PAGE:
Written by Kristine Vergara for UTS Business Society.
This article focuses on the opportunity and challenges of automation in the Australian workforce.
A CSIRO Data61 and Safe Work Australia ‘Workplace Safety Futures’ Report states that “the cost of advanced AI, sensory systems and robotics is declining while the capability of these systems continues to improve”. As these technologies become more affordable, many more businesses will start experimenting with AI and robotics and look for ways these technologies can enhance product and service offerings and provide efficiencies for businesses.
Many people still see automation as a pipe dream, however estimates suggest that the number of jobs that may be replaced by robotics and AI over the next decade range from 9 to 43 percent. Robotics and AI have been employed in many service businesses spanning healthcare, customer service, and even the legal industry. An example of a law firm actively engaging in innovation is Gilbert + Tobin, with their innovation team ‘developing a patented series of automated searches that finds litigation that is current across a variety of courts. It means that a manual task that could take up to four hours has now been cut to ten minutes. Efficiency is a pervasive issue across any industry and involves opening your mind to completing work in a different way by employing technology to help get it done quicker.
Caryn Sandler, Chief Knowledge and Information Officer of Gilbert + Tobin states that ‘low hanging fruit such as manual tasks will be automated, and high-value work that you want lawyers will be doing will remain as such’. Therefore, not all jobs will be automated and replaced entirely. Gilbert + Tobin’s innovation team work with practicing lawyers to provide technology solutions for any pain points in their workflow. Communication is key with emerging roles interfacing other industries with technology. Businesses will still require people who have an understanding of the work to be completed to assist in creating viable solutions for clients. The growing need of technology improvements for businesses has increased demand for those with a technological skillset. Claudia Barriga-Larriviere, Head of People at start-up accelerator BlueChilli suggests that ‘the lack of local graduates is putting a strain on businesses looking for technology talent and product managers have become the “unicorns” of tech talent’. Product management could be a potential pivot for professionals in various industries to upskill in technology. A recent report by the Australian Computer Society and Deloitte has stated that ‘an extra 200,000 technology workers will be needed in the next five years if the country is going to be world leader in the digital economy’.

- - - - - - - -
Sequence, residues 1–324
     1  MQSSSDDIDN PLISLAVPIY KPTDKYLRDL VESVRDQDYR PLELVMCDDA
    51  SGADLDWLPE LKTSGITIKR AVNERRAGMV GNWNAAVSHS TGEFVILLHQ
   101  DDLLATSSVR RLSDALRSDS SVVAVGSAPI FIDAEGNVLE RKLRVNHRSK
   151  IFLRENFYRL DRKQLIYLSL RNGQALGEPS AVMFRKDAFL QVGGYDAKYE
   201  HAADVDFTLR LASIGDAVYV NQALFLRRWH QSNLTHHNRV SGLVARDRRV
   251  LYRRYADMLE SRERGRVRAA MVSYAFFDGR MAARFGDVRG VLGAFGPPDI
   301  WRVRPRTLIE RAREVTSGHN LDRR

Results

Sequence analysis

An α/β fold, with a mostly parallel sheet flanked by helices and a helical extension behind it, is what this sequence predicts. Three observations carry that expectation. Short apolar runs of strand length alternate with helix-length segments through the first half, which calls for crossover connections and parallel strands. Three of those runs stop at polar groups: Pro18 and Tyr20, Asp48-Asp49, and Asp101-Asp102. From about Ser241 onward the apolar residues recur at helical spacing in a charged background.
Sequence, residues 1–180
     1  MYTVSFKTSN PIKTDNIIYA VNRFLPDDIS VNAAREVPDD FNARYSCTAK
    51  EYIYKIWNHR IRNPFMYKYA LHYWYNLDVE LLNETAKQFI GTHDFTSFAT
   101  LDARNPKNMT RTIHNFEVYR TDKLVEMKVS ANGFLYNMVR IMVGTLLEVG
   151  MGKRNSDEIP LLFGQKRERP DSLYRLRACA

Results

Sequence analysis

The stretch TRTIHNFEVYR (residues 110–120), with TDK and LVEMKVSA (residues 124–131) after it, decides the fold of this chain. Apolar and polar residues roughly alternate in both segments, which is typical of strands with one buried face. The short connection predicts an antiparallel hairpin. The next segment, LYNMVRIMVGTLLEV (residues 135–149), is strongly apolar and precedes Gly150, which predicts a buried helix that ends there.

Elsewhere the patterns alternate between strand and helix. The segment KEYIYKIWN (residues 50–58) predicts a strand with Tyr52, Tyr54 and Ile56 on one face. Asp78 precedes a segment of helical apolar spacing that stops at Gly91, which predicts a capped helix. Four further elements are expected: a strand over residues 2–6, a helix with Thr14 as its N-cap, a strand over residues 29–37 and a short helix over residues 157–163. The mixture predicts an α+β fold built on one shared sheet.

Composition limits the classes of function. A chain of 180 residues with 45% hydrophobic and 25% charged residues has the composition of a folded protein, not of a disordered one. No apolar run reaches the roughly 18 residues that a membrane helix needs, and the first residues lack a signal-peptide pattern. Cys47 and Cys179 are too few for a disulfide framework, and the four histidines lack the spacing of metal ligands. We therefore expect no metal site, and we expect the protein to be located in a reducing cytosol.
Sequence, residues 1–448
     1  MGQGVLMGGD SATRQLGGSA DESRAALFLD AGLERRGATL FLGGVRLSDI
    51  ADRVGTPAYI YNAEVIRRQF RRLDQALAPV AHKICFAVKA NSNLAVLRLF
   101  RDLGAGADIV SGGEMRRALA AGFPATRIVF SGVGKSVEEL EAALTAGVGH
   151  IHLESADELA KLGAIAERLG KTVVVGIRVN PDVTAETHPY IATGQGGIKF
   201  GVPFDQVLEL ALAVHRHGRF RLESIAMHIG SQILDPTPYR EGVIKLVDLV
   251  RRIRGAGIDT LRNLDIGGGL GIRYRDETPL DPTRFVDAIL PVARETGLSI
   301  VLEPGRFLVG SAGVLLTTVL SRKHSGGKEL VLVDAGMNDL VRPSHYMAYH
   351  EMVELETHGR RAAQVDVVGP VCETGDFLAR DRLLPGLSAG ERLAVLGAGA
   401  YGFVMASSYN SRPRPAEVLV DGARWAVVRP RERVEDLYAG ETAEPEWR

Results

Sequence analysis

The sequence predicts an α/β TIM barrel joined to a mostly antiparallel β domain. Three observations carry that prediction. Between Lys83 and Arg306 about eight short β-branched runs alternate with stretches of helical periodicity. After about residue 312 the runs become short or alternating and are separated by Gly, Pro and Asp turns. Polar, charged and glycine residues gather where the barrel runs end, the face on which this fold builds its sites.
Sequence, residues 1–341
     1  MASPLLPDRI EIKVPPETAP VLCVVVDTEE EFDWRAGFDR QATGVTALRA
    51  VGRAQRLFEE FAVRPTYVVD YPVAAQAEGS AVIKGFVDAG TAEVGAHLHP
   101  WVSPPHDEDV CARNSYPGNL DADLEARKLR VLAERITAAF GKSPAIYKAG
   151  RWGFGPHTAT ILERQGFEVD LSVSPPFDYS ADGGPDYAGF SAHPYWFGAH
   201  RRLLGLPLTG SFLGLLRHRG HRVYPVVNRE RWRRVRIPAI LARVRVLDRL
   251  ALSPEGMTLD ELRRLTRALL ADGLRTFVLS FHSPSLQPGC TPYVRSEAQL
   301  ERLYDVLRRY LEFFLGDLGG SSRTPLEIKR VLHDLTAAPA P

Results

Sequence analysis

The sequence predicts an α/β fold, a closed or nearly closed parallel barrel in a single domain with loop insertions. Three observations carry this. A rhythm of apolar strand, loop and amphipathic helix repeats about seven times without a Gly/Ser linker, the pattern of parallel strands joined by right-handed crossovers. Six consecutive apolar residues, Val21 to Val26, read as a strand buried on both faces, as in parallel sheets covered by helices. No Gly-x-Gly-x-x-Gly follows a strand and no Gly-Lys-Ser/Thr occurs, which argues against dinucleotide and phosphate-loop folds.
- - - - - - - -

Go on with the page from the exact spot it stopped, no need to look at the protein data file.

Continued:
In the meantime, the automation trend will see many more workers at all levels working within proximity to automation and will require certain skills so that they understand how automation and robots affect business tasks and processes. Gilbert+ Tobin have pre-empted this human-robot collaboration by providing coding courses to staff as further training. Initiatives such as this will bridge the gap as emerging technologies continue to disrupt various industries.
Automation is on the way and it will be interesting to see how specific businesses and the Australian economy as a whole embraces this change.
 Horton J, Cameron A, Devaraj D, Hanson RT, Hajkowicz SA (2018) Workplace Safety Futures: The impact of emerging technologies and platforms on work health and safety and workers’ compensation over the next 20 years. CSIRO, Canberra.
 Frey CB, Osborne MA. 2013. The future of employment: How susceptible are jobs to computerisation. Oxford; Arntz M, Gregory T, Zierhan U. 2016. The Risk of Automation for Jobs in OECD Countries: A Comparative Analysis. Paris: Organisation for Economic Cooperation and Development